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This Week
Print Edition> This Week
UPDATED: January 15, 2007 No.3 JAN. 18, 2007

Record Technology Imports

China approved 10,538 technology import contracts in 2006, involving a contract value of $22.02 billion, up 15.6 percent year on year, according to statistics from the Ministry of Commerce.

Technology royalties were $14.76 billion, accounting for 67 percent of the overall contract volume, and contracts for technology licensing amounted to $7.28 billion, or 33 percent of the contracts, up 42.8 percent year on year.

Contracts mainly went to technology-intensive sectors such as electronics, communications equipment manufacturing and railway transportation.

The European Union was the largest source of technology imports, signing 2,597 contracts, which involved a contractual value of $8.66 billion, or 39.3 percent of the total.

Business Climate Sizzles

Constantly growing profits boosted China’s national business climate index (BCI) throughout 2006, said the National Bureau of Statistics on January 9.

The index, a result of the bureau’s quarterly survey of 19,500 companies, rose 2.7 points from the third quarter to 139.4 points in the fourth quarter, 7.7 points up over the same period of 2005.

In the fourth quarter, most industries saw their BCIs rise markedly year on year, while the BCI for mining firms declined and the indices of transportation and storage sectors remained static.

Meanwhile, in the first 11 months, state-owned industries and those with annual sales above 5 million yuan saw profits surge 30.7 percent over the same period of 2005.

Profit growth for the first quarter was 21.3 percent over the same period of 2005, up 28 percent for the first half of the year and 29.6 percent for the first three quarters.

New Agency to Run State Financial Assets

The Central Government is likely to set up a new framework to manage its stakes in financial institutions such as banks, insurers and brokerages by early 2008.

The efficient and market-oriented management of 40 trillion yuan in state-owned financial assets will be on the agenda of the National Finance Conference in January, which will chart the country’s financial course for the next few years.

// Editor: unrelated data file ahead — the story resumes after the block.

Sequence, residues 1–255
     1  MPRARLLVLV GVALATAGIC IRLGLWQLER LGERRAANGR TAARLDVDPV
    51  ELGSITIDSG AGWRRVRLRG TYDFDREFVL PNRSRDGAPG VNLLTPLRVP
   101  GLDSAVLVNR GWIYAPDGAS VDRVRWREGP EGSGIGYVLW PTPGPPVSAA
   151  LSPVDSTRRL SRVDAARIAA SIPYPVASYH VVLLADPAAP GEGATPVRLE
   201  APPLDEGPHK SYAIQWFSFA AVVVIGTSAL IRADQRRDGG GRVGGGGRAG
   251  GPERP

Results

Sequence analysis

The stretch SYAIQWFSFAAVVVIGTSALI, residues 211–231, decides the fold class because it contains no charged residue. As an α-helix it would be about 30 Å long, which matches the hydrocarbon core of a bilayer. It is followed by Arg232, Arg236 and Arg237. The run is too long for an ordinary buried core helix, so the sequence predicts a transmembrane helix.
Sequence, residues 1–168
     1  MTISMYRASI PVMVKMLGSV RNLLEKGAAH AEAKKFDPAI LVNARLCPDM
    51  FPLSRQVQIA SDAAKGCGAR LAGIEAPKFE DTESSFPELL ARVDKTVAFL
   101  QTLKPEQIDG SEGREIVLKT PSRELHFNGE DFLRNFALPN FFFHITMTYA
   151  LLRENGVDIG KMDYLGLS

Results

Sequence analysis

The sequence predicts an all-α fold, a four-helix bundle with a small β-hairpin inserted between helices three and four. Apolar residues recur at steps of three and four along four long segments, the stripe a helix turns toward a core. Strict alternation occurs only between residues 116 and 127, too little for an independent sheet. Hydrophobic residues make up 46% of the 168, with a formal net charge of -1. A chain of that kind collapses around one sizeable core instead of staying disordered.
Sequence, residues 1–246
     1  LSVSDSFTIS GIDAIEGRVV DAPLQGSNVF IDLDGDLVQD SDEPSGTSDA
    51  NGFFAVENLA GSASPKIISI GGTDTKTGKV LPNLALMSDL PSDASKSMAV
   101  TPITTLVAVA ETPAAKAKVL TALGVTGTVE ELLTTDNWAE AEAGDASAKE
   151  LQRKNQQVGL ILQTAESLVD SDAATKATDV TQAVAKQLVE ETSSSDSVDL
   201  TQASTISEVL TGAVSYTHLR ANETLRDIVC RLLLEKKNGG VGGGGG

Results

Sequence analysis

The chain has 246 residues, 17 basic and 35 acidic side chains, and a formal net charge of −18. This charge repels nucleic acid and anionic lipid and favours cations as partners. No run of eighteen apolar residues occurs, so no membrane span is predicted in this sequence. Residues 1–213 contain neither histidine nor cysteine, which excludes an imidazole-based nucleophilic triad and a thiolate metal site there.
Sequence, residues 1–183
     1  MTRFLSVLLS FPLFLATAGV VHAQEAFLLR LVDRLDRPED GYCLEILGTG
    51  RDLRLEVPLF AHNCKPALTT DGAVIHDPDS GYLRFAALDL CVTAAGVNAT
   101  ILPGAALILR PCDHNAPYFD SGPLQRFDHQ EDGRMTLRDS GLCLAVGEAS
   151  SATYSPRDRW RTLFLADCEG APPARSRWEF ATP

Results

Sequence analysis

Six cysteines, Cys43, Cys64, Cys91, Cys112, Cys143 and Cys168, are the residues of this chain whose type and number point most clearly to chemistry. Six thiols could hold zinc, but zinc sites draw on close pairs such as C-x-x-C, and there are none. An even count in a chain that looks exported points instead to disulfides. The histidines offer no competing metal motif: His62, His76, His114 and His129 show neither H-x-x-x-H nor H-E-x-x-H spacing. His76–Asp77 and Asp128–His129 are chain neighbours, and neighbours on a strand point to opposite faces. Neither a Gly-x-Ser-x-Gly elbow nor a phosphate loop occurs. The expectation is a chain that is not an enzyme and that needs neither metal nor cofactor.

“If it is decided that the new framework will be established, it will be in place no later than March 2008,” an official close to the conference said.

The potential model is an independent government investment company or an administrative body like the State-owned Assets Supervision and Administration Commission of the State Council, an administrative body set up in 2003 to manage non-financial assets.

An official close to the Ministry of Finance proposed that the ministry’s Finance Department, which currently functions as a management body of financial assets, be at the core of any structure.

Big Bird to Fly Within 15 Years

“We estimate that within two or three five-year-plan periods, our large planes will come into service,” Huang Qiang, Secretary General of the Commission of Science, Technology and Industry for National Defense, told a press conference on January 8.

It was the first time officials specified a timetable for building large aircraft with a cargo capacity of 100 tons or 200 passenger seats. The idea of building large airplanes, mooted for some time, will no doubt cause some nervous moments for foreign aircraft makers.

In China, key projects are usually part of national five-year plans; and a large aircraft was listed as a priority project in the 11th Five-Year Plan (2006-10), during which the designing of the aircraft would begin, commission officials said earlier.

Huang said the large aircraft can be built on the growing expertise and experience of the aviation industry, particularly of the ARJ21, China’s advanced regional jet whose manufacture began in December 2003.

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